(p 67) ‘He cited the story In the Mahavamsa that "Soon after Elara’s death at his hands, Dutugemunu caused the drums to he beaten, and having summoned the people, he himself celebrated the funeral rites for King Elara at the spot where, he had fallen. Dutugemunu burnt the body, built a monument, and ordained worship. Even in his day the princes of Lanka, when they drew near to the place of Elara’s tomb, were wont to silence their music because of the continuous worship of the tomb". The Mahavamsa accepts Elara as a great and righteous king, respected by his subjects. Rains were said to come in due season owing to him. It was only in the 20th Century that this story was used as communal propaganda.

(P68-69). "He (reference is to Dr. Wijesundera, Consultant Physician General Hospital, Kandy, President Sri Lanka Paediatric Association) referred to some aspects of an ethnic study he had made of the Sinhalese and the Tamils and their relationship to South India. I shall refer to them now.

(!) He pointed out a close identity, between Sinhalese, Ceylon Tamil, and South Indian names

(2) The Sinhalese find it easy to learn Tamil and the Tamils Sinhala. There are basic similarities between the languages.

(3) There is the same custom between South Indians and Sinhalese in regard to marriages between the children of a brother and sister. New year customs, marriage customs, superstitions, the konde of the older generation, the simple dignified national dress are all the same among the Sinhalese and the South Indians.

(4) There is an equal prevalence of Hb, D and E in Sinhalese and Tamils. ABO blood group distinction also shows no statistically significant difference.

The conclusion he has come to is that if the Sinhalese are Aryan, the Tamils are as Aryan as the Sinhalese. If the Tamils are Dravidian, then the Sinhalese are as Dravidian as the Tamils. But he thinks it would he more accurate to call the Tamils, the Tamil- speaking Sinhalese and the Sinhalese the Sinhala- speaking Sinhalese.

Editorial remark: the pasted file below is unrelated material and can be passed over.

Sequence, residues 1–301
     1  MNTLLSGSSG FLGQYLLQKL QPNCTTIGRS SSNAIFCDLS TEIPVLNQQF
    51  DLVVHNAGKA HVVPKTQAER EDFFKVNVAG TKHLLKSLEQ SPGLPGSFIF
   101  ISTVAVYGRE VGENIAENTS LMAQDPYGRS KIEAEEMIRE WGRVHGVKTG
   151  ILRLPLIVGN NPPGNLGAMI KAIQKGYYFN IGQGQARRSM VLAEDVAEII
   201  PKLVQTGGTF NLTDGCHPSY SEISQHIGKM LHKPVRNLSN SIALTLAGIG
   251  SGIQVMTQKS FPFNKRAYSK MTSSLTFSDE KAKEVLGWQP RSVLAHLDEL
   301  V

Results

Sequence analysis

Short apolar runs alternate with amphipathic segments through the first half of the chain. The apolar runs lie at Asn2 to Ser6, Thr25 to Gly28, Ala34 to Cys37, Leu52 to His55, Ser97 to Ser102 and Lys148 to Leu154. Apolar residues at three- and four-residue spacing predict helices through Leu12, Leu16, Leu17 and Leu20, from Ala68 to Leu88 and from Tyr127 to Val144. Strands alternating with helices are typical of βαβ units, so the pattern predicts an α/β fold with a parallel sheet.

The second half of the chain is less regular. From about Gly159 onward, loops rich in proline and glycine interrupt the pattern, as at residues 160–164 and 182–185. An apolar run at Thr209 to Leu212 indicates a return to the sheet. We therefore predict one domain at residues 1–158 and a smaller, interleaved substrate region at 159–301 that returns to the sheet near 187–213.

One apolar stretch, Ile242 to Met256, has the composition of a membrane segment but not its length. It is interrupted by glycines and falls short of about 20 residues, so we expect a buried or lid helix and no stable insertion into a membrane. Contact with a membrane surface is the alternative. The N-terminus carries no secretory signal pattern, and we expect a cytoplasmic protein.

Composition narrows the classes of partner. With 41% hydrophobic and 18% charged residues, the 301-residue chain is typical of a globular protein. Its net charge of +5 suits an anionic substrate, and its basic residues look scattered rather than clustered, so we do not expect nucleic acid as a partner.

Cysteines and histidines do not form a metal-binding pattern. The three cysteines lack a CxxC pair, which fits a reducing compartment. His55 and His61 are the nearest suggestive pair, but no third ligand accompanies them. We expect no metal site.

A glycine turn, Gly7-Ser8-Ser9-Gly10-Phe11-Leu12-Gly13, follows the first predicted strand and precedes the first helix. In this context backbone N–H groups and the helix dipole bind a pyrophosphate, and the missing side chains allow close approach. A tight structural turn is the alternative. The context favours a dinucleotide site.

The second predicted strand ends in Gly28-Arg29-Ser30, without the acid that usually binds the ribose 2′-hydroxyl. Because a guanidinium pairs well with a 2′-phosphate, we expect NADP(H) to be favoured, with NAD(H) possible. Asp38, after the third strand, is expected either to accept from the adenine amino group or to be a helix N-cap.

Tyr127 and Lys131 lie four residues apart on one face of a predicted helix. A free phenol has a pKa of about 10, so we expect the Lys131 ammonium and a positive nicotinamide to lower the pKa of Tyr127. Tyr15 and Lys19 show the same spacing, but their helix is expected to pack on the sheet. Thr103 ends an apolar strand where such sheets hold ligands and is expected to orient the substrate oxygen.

I wish to quote, the following paragraphs before 1 pass on to his observations on religion:- ‘We Sinhalese should be proud of our Dravidian ancestry" (In his evidence he mentioned that the Dravidians belong to a civilisation going back as far as 3000 BC.) ‘The great longing shown by some of our countrymen to be a little more Aryan, to be a little more North Indian, a little more fair, is pathetic and degrading. Some of the greatest patriots and Buddhist leaders of recent times have been from the more recent additions from South India to the Sinhala peoples: Puran Appu, Megettuwatte Gunananda and Munidasa Kumaratunga.

"Dr. Wijesundera said: ‘ In the context of today’s international politics which is still one of national tribalistic competition, it is necessary to encourage a separate tribalism common to the whole Island. It is fortunate that we Buddhists are in practice Hindu Buddhists, so that we, kneel side by side with our Tamil brethren in the same kovil, in the same temple.’ He concluded his address with these words: "If what 1 have said today causes even a minor storm, I will he gratified. I could then say with Rabindranath Tagore, ‘Truth raises against itself the storm that scatters its seed broadcast".

"There is much to be learnt from Dr. Wijesundera’s contribution to the subject of inter-communal relations. If I may add another saying of Rabrindranath Tagore, it is this: ‘The deepest source of calamity in history is misunderstanding. For where we do not understand, we can never be just".